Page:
• The Duravant Group company has been working for two years with its key accounts on solutions for enabling its installed base of machines to operate with recyclable packaging and is creating new equipment capable of production with these new recyclable materials.
• Mespack is also collaborating closely with large manufacturers and suppliers of film in order to jointly develop new compostable film.
Today, the flexible packaging industry uses a series of common materials like PET, PP, PE, OPA, aluminium and paper to produce packaging, which all have different properties. PET, or polyester, for example, is highly resistant to wear and corrosion and acts as an excellent barrier against CO2, O2 and humidity. This is very useful for packaging food products. PP, or polypropylene, is also used widely for the rigid packaging of food due to its excellent protective properties and hygiene guarantee. PE, or polythene, is the most widely used material in flexible packaging and is characterised by its versatility, its ability to be sealed and its low cost.
All of these materials, although recyclable separately, require specific conditions to be recycled when they have been mixed to produce packaging materials. In order that the laminate that contains the non-recyclable materials can be recycled, it must be stripped-down, removing the non-recyclable material. Therefore, with the aim of gradually reducing its carbon footprint whilst combating the accumulation of single-use plastic waste, the flexible packaging industry is working together to produce new sustainable material from recycled elements (known as PCR) or organic materials. “PE is often mineral-based, but organic-based PE is now available on the market, which is made from responsibly grown sugar cane, and can be used with fresh, baked, coffee and lactose-based products”, explains Santi Alberich, Mespack’s Marketing Manager. “There’s also 100% compostable packaging, used so that the food waste and packaging compost together, for fresh and baked products”, he adds.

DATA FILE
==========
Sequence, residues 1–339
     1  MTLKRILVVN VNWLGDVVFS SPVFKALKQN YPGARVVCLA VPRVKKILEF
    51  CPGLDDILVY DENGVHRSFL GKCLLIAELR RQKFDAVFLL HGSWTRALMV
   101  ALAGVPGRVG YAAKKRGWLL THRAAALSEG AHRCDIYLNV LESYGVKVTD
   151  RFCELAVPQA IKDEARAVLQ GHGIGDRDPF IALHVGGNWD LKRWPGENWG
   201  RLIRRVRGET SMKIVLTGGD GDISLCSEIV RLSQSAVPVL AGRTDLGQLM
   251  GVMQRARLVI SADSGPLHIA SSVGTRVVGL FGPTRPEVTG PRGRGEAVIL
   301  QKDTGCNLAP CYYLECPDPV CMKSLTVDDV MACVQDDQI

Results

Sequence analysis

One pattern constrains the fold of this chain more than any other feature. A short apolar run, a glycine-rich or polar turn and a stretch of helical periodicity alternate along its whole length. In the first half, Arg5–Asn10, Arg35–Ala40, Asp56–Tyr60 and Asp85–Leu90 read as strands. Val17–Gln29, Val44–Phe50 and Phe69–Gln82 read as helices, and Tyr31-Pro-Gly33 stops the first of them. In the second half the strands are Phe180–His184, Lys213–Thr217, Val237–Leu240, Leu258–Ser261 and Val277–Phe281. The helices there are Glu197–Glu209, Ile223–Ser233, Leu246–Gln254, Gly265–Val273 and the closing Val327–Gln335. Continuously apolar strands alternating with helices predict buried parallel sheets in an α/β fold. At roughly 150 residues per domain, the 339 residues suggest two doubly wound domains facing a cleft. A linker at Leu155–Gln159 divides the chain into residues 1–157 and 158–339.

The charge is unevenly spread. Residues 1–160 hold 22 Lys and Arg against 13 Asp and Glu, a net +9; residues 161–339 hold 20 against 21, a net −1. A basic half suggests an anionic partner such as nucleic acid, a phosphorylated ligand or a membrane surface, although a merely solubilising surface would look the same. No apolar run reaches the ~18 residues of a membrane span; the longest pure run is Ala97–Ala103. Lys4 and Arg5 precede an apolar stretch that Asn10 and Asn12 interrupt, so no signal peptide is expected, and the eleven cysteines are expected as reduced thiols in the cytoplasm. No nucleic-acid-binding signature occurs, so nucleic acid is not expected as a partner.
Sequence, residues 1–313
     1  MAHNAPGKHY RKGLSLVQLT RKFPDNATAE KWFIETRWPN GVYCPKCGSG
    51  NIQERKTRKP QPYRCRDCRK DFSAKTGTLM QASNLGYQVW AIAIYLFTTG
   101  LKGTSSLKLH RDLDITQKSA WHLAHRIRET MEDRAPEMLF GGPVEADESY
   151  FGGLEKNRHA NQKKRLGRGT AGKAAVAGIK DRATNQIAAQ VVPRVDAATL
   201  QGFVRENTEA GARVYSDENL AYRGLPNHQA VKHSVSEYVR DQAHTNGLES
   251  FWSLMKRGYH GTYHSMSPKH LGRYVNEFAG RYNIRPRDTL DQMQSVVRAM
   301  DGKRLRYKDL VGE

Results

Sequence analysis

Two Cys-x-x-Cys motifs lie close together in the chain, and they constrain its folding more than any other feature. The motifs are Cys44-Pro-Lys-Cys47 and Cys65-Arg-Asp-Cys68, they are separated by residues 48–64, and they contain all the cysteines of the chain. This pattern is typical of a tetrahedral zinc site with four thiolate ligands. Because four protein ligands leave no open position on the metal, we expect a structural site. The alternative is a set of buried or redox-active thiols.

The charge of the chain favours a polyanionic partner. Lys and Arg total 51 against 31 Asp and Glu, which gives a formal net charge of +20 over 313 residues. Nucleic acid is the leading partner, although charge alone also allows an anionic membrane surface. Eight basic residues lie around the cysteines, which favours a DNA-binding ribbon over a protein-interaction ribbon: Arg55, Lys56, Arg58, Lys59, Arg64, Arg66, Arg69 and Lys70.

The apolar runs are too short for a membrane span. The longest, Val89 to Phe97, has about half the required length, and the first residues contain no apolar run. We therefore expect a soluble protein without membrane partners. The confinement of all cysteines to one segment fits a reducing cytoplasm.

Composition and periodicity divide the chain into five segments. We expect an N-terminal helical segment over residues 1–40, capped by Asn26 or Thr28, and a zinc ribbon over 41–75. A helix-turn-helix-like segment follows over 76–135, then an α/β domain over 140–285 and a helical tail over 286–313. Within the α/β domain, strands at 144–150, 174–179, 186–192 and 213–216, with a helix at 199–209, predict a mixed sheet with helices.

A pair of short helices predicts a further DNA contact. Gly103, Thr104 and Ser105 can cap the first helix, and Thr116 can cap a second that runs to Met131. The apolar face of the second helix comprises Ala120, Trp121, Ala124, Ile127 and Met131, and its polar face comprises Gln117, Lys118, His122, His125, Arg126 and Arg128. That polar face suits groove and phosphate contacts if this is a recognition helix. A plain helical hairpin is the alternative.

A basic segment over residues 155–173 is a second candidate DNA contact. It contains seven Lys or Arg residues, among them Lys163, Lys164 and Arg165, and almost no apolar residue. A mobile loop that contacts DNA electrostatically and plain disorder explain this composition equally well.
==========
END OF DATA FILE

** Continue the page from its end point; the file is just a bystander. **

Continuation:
Packaging made from recycled, organic or 100%-compostable material contributes to reducing the flexible packaging industry’s carbon footprint
Machines adapted for the future
In order to work with these new recyclable and/or compostable materials, the Duravant Group company has been working for two years with clients like Unilever, P&G and Nestlé, among others, to look for ways to adapt its fleet of installed machines. Moreover, Mespack is working on new equipment designed for optimal functioning with these materials. “For many months we have been carrying out tests with new films, both in our clients’ factories and in our own”, Alberich confirms. “All whilst trying to maintain the same quality and efficiency standards that we have guaranteed up to today with traditional materials”, the company’s Marketing Manager affirms.
As well as this, Mespack is collaborating with film suppliers to create new films and test them in the machines. “We work with recycled film as well as compostable film, which does not currently have a large market presence, but we believe that this is the future”, he concludes.